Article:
Five years ago I shared a post about the time I was living Amsterdam, Holland for a summer and visited the Anne Frank House. It was a very emotional experience that has stayed with me forever.
And what’s ironic is that over 20 years later, I was actually cast in a stage production of the play, The Diary of Anne Frank, which I briefly spoke about in that post.
Today, I would like to elaborate more about what that experience was like for me.
These are photographs of my play script. In the bottom photo you will see "stage directions and actor notes" written next to my highlighted lines. And yes, I still own this script.
Whenever you do a movie or play that is historical and based on truth, part of the process involves doing research on that particular historical event so that you can get a sense of what it was like to live during that time. As a cast, we all watched videos of WWII and what went on during the German invasions. We also watched videos of what it was like in the concentration camps. We filled our minds with many harsh and difficult visuals so that we could feel the anxiety and fear and bring that into our portrayals.
Also, when you rehearse and perform in a play as serious and somber as this one was, you must try to locate the humorous moments in the script because it gives more levels to a performance. Nothing, no matter how serious it is, is always serious. You can always find the humor. Therefore, all the actors in this production brought a touch of lightheartedness and humor to their roles.
I portrayed Fritz Pfeffer (aka Mr. Dussel) the man who shared a room with Anne in the annex for two years. And to tell you the truth, on the surface, Mr. Dussel appeared to be just a crotchety old man who constantly complained about things. Yet, it was through his crotchetiness that I found the humor.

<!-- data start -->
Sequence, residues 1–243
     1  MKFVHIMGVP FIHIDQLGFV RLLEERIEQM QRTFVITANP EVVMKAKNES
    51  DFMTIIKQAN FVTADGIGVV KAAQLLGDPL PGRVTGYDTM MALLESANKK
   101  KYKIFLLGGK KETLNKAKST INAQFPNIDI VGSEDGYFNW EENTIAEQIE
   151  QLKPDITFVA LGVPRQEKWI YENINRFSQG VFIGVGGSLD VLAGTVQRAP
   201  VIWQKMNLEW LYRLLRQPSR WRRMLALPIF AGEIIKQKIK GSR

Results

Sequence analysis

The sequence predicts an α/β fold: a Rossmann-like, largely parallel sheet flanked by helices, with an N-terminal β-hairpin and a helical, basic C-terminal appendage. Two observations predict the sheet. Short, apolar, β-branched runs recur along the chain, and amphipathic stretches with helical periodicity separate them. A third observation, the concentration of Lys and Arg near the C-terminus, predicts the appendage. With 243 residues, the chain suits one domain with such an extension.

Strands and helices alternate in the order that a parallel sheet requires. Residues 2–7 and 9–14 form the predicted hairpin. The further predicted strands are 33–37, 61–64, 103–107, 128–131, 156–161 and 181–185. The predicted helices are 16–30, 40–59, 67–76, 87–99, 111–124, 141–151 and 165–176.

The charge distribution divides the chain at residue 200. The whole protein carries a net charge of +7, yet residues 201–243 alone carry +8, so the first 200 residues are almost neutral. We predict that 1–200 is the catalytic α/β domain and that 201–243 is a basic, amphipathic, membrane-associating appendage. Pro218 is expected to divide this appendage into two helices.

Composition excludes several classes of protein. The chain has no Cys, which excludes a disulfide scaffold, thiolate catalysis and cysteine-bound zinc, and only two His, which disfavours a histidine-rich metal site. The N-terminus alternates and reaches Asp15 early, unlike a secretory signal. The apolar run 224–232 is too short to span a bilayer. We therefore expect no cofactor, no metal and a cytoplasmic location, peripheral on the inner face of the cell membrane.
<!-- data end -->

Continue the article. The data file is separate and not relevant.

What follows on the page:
I think the most chilling part of rehearsing for this play was in the last scene, when all the characters are finally discovered hiding in the annex and the Nazi soldiers come to take them away to the concentration camps.
We had rehearsed this scene many times before, with our director vocally making the sound effects from offstage so that we could get a sense of the pacing in the scene. When you rehearse for a stage play, you don’t have all the necessary lights, sound effects, and other technical effects until the last two days of dress rehearsal. So, what you do in the meantime is try to imagine those things without actually having them there.
And in this particular play, I don’t think any of us actors were prepared for how we would feel when the real sound effects were finally added and we heard them for the first time during a rehearsal.
When we got to that scene in the play, this is what we heard over the sound system…
We heard men’s voices coming from outside a door that was located at the bottom of the stairs in the house. The voices were in German and sounded loud and angry. And they went from loud and angry to screaming. Then we heard hammers being slammed against the door in an effort to get it open - SLAM! SLAM! SLAM! - until the door finally broke down. Then, the next thing we heard was the sound of booted footsteps running up the wooden stairs, getting closer to the door directly outside the annex. More German voices screaming. More hammers being slammed against the door - SLAM! SLAM! SLAM! - as the Nazi soldiers got closer, and closer, and closer.
It was at this point that the stage lights began slowly dimming on the annex, as we all stared at the door. Until finally the stage went completely black.
And then…dead silence.
After we finished rehearsing the scene, the lights came back up. And when we all looked at each other onstage, every single one of us was in tears.
We performed that play for four weeks; eight performances per week. And no matter how many times we got to that final scene, the fear and tears were always there.
As if it was happening for real.
Have a great weekend everyone!